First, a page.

Remediation Through Humification

April 5, 2010

About the author: Ted McCarter is president of PRB Environmental Group, Inc. McCarter can be reached at 404.831.4446 or by e-mail at [email protected].

A patented new leading-edge technology for decontamination of water and soil using humic substances (HS) provides an effective, cost-efficient solution. The application utilizes permeable reactive barrier (PRB) that is installed by injection to facilitate subsurface interception, retention and treatment of groundwater contaminants released by industrial and agricultural sources.

This new technology was developed by the University of Florida and Lomonosov Moscow State University.

Once installed, the system operates passively, without active pumping, to decontaminate water flowing (aquifer, pollutant plume) from contaminated soil and subsurface pollutant sources without producing any kind of additional contaminates. It replaces expensive techniques such as the pump-and-treat method for water treatment and plume capture, which further disturbs the surrounding environment.

This innovative method provides for the in-situ installation of humic barrier that can be used as a passive remediation system to treat both organic compounds and metal ions either singly or in combination. In addition, this method can be used to treat viral/bacterial pathogens.


Humification is the chemical-microbiological process of transforming debris from living organisms into a general class of refractory organic compounds, otherwise known as HS. HS account for 50% to 80% of the organic carbon of soil, natural water and bottom sediments.

HS are ubiquitous in the environment and comprise the most abundant pool of nonliving organic matter. Their peculiar feature is polyfunctionality, which enables them to interact with both metal ions and organic chemicals. The palette of potential interactions includes ion exchange, complexation, redox transformations, hydrophobic bonding, etc. As a result, numerous studies have shown humics capable of altering both the chemical and the physical speciation of the ecotoxicants (ET) and in turn affecting their bioavailability and toxicity. HS hold great promise functioning as amendments to mitigate the adverse impacts of ET and as active agents in remediation. The structural heterogeneity of humics may explain their resistance to biodegradation as their longevity in soils is typically on the order of thousands of years. The recalcitrant nature of humics is of practical relevance particularly when the objective is to develop soil/aquifer remediation technologies predicated on a reactive matrix that is not consumed by microorganisms during remediation.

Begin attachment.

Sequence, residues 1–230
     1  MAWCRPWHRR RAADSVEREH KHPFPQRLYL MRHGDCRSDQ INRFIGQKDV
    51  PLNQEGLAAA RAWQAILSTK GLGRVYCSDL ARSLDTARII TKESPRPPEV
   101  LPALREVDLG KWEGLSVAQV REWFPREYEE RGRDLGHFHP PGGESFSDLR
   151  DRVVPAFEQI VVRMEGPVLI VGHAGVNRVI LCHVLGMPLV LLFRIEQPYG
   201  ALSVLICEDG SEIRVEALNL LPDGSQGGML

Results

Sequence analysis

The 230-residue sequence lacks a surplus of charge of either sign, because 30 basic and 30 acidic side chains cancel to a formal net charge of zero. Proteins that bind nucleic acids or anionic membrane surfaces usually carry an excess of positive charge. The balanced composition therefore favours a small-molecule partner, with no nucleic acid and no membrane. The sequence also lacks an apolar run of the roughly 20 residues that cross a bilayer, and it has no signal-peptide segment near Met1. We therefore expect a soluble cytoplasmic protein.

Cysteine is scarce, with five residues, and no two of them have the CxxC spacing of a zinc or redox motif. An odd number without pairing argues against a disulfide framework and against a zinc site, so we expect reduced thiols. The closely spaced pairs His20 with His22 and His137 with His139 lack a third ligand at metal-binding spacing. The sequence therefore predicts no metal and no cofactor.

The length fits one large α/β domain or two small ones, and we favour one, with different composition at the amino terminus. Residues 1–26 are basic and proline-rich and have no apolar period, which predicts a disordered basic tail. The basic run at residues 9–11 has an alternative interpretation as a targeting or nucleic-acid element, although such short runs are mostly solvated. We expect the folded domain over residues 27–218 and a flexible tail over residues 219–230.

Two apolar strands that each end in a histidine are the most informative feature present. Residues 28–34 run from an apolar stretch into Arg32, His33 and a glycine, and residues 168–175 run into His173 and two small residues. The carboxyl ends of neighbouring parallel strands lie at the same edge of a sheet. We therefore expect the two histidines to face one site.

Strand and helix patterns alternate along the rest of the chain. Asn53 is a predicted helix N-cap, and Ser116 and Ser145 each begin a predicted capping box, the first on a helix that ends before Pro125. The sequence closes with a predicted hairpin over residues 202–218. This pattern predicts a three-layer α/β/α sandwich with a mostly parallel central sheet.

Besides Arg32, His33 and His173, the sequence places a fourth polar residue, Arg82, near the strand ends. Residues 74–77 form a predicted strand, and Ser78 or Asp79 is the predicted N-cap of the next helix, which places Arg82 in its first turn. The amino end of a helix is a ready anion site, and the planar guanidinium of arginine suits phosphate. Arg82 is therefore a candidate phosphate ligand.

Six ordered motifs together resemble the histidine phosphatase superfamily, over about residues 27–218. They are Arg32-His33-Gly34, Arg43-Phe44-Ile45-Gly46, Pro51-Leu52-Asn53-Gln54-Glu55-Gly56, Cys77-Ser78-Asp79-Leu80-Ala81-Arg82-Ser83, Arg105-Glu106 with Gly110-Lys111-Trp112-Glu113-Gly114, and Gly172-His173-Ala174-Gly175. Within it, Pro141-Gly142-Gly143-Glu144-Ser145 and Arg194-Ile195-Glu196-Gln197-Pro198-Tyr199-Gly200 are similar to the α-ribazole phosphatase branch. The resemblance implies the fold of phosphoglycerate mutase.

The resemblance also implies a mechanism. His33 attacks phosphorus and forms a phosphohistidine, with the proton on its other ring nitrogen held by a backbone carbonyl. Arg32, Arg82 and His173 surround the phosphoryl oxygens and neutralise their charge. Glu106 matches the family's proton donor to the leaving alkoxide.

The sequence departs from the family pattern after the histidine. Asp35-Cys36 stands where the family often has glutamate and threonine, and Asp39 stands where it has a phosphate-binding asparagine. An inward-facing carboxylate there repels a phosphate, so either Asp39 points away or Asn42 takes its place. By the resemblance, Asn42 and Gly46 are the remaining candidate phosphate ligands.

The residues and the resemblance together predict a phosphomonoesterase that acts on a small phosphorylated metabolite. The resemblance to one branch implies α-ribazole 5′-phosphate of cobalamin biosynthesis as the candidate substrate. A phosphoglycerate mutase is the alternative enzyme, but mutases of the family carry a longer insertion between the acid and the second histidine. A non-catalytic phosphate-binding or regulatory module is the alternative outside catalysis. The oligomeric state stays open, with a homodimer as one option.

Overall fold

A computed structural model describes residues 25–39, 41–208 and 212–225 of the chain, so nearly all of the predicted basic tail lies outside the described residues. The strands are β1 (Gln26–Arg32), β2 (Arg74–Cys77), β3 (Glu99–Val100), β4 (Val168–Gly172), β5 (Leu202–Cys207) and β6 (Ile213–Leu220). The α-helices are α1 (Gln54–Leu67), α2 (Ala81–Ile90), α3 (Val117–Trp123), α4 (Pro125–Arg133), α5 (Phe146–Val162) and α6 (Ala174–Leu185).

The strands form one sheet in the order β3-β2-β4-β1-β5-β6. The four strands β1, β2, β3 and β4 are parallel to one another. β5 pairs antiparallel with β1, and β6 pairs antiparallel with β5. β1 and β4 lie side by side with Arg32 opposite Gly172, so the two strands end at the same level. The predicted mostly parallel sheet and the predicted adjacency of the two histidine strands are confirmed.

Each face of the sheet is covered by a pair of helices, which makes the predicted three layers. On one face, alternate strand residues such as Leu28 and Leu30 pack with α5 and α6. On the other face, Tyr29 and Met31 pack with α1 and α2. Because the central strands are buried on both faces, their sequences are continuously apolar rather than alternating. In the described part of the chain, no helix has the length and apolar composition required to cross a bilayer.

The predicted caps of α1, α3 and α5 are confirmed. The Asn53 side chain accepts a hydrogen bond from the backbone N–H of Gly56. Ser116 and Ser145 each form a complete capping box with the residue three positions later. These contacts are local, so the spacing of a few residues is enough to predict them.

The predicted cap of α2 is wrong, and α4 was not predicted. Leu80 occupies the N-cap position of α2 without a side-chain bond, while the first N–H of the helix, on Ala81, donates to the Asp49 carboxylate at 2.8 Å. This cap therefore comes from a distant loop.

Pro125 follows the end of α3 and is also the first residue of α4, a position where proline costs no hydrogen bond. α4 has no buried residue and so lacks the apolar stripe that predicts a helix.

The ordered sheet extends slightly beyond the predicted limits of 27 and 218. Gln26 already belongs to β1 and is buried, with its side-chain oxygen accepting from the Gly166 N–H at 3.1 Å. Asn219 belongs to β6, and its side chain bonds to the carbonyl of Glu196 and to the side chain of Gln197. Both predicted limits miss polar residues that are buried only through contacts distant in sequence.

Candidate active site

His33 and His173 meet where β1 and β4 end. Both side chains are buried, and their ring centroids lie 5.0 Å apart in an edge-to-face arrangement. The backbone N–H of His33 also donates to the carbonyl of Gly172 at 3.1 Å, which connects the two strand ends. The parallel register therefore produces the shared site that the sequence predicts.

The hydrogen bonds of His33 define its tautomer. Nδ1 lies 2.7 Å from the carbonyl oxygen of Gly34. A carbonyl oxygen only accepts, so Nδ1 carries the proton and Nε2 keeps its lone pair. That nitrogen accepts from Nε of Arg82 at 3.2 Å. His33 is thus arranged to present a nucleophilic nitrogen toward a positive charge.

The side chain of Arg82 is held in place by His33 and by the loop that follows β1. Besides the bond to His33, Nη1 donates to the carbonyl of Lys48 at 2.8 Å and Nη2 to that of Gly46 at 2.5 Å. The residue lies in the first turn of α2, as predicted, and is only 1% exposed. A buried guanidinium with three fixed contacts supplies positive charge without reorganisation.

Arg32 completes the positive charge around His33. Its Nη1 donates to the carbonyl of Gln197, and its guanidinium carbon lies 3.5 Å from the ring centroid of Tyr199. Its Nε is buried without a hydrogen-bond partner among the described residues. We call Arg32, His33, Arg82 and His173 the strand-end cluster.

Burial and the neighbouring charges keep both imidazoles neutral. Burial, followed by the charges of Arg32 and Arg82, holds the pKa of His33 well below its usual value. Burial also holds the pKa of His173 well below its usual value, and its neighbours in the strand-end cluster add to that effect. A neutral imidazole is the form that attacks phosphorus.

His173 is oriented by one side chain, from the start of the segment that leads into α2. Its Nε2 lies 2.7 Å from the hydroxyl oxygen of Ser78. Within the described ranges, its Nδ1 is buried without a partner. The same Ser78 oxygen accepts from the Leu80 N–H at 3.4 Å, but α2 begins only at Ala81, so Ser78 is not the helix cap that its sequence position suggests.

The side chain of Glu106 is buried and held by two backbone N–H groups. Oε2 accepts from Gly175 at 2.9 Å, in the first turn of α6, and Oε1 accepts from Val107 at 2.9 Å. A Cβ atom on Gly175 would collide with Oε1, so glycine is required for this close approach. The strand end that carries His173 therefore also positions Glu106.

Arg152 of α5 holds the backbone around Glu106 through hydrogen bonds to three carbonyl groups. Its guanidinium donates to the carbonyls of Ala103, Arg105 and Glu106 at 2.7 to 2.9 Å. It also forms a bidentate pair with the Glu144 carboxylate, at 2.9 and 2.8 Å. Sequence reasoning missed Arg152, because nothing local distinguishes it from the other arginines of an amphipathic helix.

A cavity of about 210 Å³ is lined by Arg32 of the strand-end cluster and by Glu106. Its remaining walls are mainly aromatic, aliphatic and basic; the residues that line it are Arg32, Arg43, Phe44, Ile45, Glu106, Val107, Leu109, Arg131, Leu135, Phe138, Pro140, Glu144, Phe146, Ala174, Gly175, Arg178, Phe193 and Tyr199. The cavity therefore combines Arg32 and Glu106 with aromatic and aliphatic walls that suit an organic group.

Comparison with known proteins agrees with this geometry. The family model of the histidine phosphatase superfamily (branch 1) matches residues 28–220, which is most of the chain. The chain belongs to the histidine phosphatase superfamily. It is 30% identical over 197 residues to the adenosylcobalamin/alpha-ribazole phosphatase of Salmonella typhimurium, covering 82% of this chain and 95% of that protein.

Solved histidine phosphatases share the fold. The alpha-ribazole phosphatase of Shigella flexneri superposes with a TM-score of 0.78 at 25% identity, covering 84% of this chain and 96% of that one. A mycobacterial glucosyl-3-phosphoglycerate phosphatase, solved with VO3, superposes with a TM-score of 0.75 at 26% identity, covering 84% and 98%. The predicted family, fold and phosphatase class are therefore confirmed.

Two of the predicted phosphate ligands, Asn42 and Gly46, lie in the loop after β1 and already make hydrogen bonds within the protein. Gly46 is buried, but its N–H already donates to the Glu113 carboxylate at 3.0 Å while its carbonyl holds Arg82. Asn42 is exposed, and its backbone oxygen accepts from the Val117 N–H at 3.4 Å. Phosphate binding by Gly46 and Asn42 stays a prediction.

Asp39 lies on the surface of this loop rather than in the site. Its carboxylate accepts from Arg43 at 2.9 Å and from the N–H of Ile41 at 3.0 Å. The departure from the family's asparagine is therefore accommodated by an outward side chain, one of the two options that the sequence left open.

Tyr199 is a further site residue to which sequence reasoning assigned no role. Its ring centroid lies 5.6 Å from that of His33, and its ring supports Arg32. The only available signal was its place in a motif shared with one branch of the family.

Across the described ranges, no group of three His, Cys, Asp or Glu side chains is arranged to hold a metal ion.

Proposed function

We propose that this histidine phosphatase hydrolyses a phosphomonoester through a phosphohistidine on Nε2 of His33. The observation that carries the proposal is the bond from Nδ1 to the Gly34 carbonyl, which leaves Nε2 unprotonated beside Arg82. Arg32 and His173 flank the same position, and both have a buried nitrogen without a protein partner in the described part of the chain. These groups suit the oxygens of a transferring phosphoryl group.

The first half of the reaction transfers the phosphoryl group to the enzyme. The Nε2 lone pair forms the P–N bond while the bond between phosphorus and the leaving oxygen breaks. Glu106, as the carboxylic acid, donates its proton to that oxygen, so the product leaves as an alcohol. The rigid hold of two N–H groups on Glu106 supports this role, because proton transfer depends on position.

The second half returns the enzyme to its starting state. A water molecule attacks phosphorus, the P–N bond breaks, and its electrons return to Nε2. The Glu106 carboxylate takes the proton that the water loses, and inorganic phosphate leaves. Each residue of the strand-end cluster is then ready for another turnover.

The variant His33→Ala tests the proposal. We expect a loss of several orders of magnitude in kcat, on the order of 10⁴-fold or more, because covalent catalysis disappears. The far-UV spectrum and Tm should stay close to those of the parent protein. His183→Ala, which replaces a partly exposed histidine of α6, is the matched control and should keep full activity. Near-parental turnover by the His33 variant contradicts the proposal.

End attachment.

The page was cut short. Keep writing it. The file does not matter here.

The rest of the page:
PRBs are replaceable or permanent units installed across the flow path of a contaminant plume. The plume is allowed to migrate passively through the PRB; in the process, contaminants are precipitated, absorbed or degraded.

Humic-based materials show considerable promise as refractory and inexpensive reactive PRB components. This is particularly true wherever remediation involves a complex array of contaminants, and the reactive material must treat both soluble heavy metals and hydrophobic organics.


One advantage of HS is the low cost of materials. Another is that HS are biologically recalcitrant and not expected to support microbial growth.

Given the biocompatibility of humics together with their resistance to biodegradation, solidified humic matrixes represent ideal sorbents for bacteria and can be inserted into a monitoring well with little concern for possible negative repercussions.

HS can perform multiple functions within a remedial strategy. For example, HS can function as: binding agents and detoxicants; sorbents and flushing agents; redox mediators of abiotic and biotic degradation; and nutrient carriers, bioadaptogens and growth stimulators. With the above functions characterized, it is then proposed that humic-based products hold great promise as reactive agents for in-situ remediation. The most promising technologies include enhanced bioremediation, permeable reactive barriers, in-situ flushing and phytoremediation.

This new method using HS provides an affordable solution to the expensive, growing problem of ecological waste. Other contaminants that can be remediated are plutonum, petroleum products, halogens, heavy metals, industrial solvents, agricultural and viral/bacterial pathogens.

Using example methods of chemical modification described herein, it is proposed that the properties of humics be tailored to satisfy the needs of a given remediation technology. It is expected that the utility and the value of humics will expand.

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About the Author

Ted McCarter

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